Thousands celebrate PFLP anniversary in Gaza
11 Dec - Thousands of supporters celebrated the 43rd anniversary of the Popular Front for the Liberation of Palestine in Gaza City on Saturday. Politburo member of the leftist faction Jamil Majdalawi delivered a speech urging rival factions Hamas and Fatah to end "the unjustified disagreement which harms the Palestinian people, resistance fighters and negotiators."

Hundreds march for freedom of religion in Jaffa
10 Dec - Hundreds of Muslim and Christian residents of Jaffa took to the streets Friday in protest against a complaint filed by residents of a luxury apartment complex, who say the noise emitted by mosques and the nearby St. George's Cathedral is too loud. Protesters held signs saying, "We were here before you, if you don't like it, get out", and "No one will move us from our holy land" as well as "We won't ask for your permission on when and how to pray".,7340,L-3997290,00.html

Israel's left and right march separately for human rights
10 Dec - Haaretz [oddly, this aspect of the march was not reported by AFP] Over 5,000 people participated in a march marking International Human Rights Day on Friday in Tel Aviv. The marchers gathered at Tel Aviv's Habima Theater in the morning and were divided into two groups for the actual march: one for left-wing groups and one for right-wing groups ... At the march on Friday, those from the right-wing side held signs saying things such as "Tel Aviv + Ariel = Israel," Ariel being a large settlement in the West Bank, and "Jews also have human rights."

Images from Tel Aviv's 1010 Human Rights March

Fatah - Hamas

Hopes of Fatah-Hamas reconciliation still alive
11 Dec ...Munib Masri, a Palestinian businessman and head of the Reconciliation Committee, an advocacy group that is trying to push the parties back together, explained why he's still optimistic, even when others say it's time to start viewing the Palestinian fracture as permanent.,0,5711954.story

Fatah leader: 'Dangerous repercussions' if affiliates executed
GAZA CITY 11 Dec -- Hamas' decision to execute three Fatah members accused of killing an iman could have dangerous repercussions, a senior Fatah leader warned Saturday. Abu Samhadana, a member of its Revolutionary Council, said the decision would rip apart "the already-torn social structure in Palestine," and that the executions would be "the last nail in the coffin of Palestinian reconciliation," in a statement.

Fatah riven with fights
With accusations against Abbas and his circle multiplying, the struggle within Fatah is turning personal, writes Saleh Al-Naami

Analysis / Opinion / Culture

Palestinian nonviolence: Is the Budrus model still viable? (CSM)
10 Dec - ..."Bilin has become a symbol, a subject of Master's theses, films, blogs, and articles," says Menachem Klein, a political science professor at Bar-Ilan University near Tel Aviv. "Budrus and Bilin maintain the resistance while the Palestinian elite attend talks and readily accept painful concessions on settlements."  Yet he calls these weekly events a "ceremony" that may not actually achieve change. Indeed, even as "Budrus" is embraced by audiences from America to Germany to the West Bank, the momentum generated by Budrus is waning. Only nine villages hold regular demonstrations and they are often met with a harsh Israeli response,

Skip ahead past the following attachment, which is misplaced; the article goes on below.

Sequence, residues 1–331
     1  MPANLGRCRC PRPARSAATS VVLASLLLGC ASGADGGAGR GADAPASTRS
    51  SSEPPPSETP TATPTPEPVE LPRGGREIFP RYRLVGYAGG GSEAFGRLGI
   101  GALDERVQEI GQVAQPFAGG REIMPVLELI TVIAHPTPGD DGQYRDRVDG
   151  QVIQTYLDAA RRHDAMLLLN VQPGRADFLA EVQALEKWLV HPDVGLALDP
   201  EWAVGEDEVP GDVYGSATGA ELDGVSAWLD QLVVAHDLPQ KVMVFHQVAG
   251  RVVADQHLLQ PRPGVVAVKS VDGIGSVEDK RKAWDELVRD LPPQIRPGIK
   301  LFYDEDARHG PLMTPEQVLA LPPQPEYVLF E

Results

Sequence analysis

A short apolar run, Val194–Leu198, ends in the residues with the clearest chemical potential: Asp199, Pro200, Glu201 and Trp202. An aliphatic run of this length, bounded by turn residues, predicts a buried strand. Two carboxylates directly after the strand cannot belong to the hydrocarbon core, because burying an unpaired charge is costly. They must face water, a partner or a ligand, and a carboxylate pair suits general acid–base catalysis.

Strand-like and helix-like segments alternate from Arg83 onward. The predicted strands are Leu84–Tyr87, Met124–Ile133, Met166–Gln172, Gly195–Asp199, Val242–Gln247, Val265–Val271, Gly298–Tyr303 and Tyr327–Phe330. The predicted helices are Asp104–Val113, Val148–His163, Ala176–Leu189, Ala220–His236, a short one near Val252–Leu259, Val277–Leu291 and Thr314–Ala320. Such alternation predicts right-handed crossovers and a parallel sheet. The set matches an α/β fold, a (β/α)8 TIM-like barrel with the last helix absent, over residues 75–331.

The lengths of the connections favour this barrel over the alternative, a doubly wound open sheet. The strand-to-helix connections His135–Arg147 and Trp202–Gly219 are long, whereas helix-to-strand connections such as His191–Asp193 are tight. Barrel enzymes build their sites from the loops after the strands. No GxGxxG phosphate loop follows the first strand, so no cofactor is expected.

Come join the march of the many / Hagai Elad
10 Dec - Our government is currently spearheading the attack against the foundations of our democracy ... It is also responsible for the separation regime that is taking an even stronger hold in the occupied territories, the shameful treatment of refugees and migrant workers, and the close links that have been forged between those ruling the country and those groups seeking to intimidate and tag as "disloyal" anyone they see fit, targeting, among others, academia and human rights organizations.

Light amid the darkness / Gideon Levy
10 Dec - An expedition behind police lines into the smoldering communities of Mt. Carmel, where everyone learned a lesson last weekend, of one kind or another ... On Shabbat, we had been walking with him in Ein Hod; Josh reported on the situation to homeowners on his mobile phone. Now he is sitting at the entrance to his own house, new and spared any damage, and charging the phone in his car. There is no electricity in the village. Nor is there any electricity in Ein Hud, up the hill, but there they are used to it: Until two years ago, the village was unrecognized and unelectrified. The word "evacuation" is also loaded with significance in this village of refugees; they have already been evacuated from Ein Hod and not allowed to return.

A general overhaul / Uri Avnery
...The fire started near Ussafiyeh. In this Druze locality, with its 10,000 inhabitants, there was no fire station. Nor was there any in the neighboring Druze locality of Daliyat al-Carmel, which has 15,000 inhabitants. The Arab local councils, which are discriminated against in most spheres, are disadvantaged in this sphere, too. This week, racism revenged itself. If there had been fire stations in the Druze localities, the fire could have been put out in short order, even with the East wind and the dry trees, before it could develop into a disaster. The Ussafiyeh station could have safeguarded the whole Carmel area, which is always liable to burn. ...

Uneasy but necessary -- the UNRWA - Palestinian relationship / Randa Farah